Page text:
Tomorrow, city council is holding a rare special session that may ring the death knell for red-light cameras. The to-be proposed ordinance, if passed, would immediately turn off the cameras. But yesterday, councilmember Mike Sullivan proposed an amendment that could kill the entire plot.
The amendment calls for the immediate physical removal of all red-light cameras. Normally, such a move would be applauded by Paul Kubosh, head of Houston Coalition Against Red Light Cameras. But according to a federal judge's order: "The cameras will not be removed during the pendency of the litigation." If Sullivan's amendment is passed, the ordinance will violate the judge's order.
In other words, the ordinance is strong enough as it is, according to Kubosh. Adding an amendment that violates a judge's order is dangerous.
In a press conference in front of his law office, Kubosh and councilmember Jolanda Jones spoke about the amendment. "We're afraid this is more gamesmanship by the mayor," Kubosh said. "We're afraid that somehow, this is another way to keep the cameras off."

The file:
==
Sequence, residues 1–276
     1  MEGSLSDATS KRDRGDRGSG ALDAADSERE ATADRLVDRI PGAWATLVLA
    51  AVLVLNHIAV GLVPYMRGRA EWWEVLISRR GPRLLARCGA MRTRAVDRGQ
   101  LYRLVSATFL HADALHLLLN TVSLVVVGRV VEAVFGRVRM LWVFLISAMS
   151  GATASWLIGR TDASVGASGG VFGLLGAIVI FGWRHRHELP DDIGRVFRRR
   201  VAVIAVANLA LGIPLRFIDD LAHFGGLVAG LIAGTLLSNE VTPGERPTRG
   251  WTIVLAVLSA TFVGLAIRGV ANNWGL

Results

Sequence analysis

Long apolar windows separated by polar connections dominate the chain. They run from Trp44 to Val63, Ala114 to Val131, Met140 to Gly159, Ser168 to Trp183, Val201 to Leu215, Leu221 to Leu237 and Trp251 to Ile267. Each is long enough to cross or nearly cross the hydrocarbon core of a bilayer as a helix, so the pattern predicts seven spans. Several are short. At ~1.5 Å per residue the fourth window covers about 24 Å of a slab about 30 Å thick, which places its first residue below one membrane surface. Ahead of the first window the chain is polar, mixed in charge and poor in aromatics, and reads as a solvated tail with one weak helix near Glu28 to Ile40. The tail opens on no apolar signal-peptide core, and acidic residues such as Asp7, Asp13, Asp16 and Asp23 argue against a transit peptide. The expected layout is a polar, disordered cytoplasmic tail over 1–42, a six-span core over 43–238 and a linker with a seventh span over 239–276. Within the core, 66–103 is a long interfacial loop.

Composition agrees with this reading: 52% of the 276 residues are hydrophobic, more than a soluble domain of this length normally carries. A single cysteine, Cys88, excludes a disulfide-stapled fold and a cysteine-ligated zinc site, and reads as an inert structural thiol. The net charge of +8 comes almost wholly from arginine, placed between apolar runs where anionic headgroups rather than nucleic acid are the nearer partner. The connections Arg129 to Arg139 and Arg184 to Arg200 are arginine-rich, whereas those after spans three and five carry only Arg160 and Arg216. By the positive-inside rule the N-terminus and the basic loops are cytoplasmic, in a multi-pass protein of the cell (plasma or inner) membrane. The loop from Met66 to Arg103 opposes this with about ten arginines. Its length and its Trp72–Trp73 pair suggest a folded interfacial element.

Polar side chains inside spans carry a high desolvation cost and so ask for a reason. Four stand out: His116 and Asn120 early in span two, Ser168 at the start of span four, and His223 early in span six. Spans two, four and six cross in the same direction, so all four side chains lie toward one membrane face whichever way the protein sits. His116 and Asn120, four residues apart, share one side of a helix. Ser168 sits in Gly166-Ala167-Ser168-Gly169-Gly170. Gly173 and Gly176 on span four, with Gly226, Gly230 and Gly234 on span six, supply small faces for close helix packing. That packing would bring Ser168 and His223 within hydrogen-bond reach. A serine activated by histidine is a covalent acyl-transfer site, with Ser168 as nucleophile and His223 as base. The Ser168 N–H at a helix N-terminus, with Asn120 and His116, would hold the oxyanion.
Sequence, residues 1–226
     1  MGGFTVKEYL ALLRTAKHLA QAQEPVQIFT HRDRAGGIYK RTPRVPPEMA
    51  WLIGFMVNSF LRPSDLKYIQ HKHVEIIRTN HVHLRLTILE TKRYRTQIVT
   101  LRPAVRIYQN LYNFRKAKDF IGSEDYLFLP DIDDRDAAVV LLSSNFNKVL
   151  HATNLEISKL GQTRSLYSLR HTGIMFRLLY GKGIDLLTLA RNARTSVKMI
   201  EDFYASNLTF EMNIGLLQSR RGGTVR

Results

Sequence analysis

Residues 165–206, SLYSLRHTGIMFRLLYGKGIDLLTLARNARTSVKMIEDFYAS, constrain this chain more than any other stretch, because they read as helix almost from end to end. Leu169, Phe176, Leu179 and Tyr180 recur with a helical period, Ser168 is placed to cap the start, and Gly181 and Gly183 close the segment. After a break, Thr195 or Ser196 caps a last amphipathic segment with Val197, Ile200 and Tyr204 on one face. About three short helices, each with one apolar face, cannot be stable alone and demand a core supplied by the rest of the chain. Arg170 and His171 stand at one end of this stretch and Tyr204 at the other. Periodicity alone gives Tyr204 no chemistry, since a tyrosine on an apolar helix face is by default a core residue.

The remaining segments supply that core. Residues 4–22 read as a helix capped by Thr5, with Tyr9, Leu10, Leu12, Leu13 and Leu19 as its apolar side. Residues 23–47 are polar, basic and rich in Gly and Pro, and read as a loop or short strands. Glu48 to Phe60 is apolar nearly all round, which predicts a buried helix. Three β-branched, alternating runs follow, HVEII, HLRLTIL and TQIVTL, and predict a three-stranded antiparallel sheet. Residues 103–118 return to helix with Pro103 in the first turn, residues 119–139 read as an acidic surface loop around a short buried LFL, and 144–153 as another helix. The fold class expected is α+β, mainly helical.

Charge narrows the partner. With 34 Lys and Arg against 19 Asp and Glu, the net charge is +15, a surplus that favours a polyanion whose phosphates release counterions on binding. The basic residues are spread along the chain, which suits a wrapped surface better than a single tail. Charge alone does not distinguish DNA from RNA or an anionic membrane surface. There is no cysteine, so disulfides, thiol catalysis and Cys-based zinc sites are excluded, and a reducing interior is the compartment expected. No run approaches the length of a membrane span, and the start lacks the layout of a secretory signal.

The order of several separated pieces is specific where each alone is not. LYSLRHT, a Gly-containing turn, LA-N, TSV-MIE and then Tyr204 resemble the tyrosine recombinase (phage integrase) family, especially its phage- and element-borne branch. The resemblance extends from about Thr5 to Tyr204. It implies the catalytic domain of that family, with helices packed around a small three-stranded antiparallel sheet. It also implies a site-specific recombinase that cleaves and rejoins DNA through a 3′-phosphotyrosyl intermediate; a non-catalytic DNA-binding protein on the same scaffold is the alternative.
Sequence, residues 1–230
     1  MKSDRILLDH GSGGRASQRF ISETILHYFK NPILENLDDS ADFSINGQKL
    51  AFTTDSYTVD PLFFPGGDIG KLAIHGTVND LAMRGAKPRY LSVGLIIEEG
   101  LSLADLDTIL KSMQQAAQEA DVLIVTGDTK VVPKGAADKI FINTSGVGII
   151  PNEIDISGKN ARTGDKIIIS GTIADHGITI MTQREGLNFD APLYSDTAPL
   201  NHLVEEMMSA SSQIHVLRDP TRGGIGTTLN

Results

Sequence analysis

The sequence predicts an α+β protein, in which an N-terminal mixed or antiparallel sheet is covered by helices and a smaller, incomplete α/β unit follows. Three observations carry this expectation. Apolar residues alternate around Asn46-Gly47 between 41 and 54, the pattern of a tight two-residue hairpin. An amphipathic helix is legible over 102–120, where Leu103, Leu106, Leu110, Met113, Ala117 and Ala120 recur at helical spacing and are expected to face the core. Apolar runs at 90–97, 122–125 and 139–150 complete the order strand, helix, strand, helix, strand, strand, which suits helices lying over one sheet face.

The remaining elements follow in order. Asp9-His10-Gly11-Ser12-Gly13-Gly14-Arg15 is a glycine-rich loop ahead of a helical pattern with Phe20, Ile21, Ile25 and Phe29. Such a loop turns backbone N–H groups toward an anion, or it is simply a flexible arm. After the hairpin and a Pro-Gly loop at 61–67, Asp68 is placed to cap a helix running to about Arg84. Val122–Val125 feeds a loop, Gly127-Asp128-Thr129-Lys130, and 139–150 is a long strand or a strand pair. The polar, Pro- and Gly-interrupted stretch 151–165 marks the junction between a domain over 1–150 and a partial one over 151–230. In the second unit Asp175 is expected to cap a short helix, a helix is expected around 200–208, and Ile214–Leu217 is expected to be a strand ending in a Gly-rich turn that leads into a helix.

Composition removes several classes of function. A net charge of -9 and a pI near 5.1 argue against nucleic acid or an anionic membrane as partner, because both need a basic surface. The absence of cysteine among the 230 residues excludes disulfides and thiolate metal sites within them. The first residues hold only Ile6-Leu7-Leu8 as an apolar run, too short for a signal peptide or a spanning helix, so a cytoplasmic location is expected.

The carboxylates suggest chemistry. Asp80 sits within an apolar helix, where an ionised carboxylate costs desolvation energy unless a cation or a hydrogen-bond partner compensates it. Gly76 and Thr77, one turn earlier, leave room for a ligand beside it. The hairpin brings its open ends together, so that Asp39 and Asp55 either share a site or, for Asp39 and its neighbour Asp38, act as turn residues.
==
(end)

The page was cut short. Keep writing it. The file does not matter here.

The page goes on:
Kubosh said that he spoke with Sullivan about the potential backfiring of the amendment, and that Sullivan did not indicate he would pull it.
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"I think it's probably well-intentioned, because it appears to do what the citizens overwhelmingly want us to do," said Jones, an adamant opponent of the cameras. Jones is also a lawyer.
"Legally, I believe it's problematic," she said. "You don't ever want to violate an order by the judge. You never want to be hauled into court for contempt."
If the amended ordinance is passed, the city of Houston could face monetary penalties by the judge. "It could cause whatever we do on Friday to be invalid," said Jones. "I don't want to do that."
Kubosh says he won't trust the mayor's goal to remove the cameras until the cameras are off. "I think her ultimate goal is to keep the cameras on," he said. "We'll know for sure tomorrow."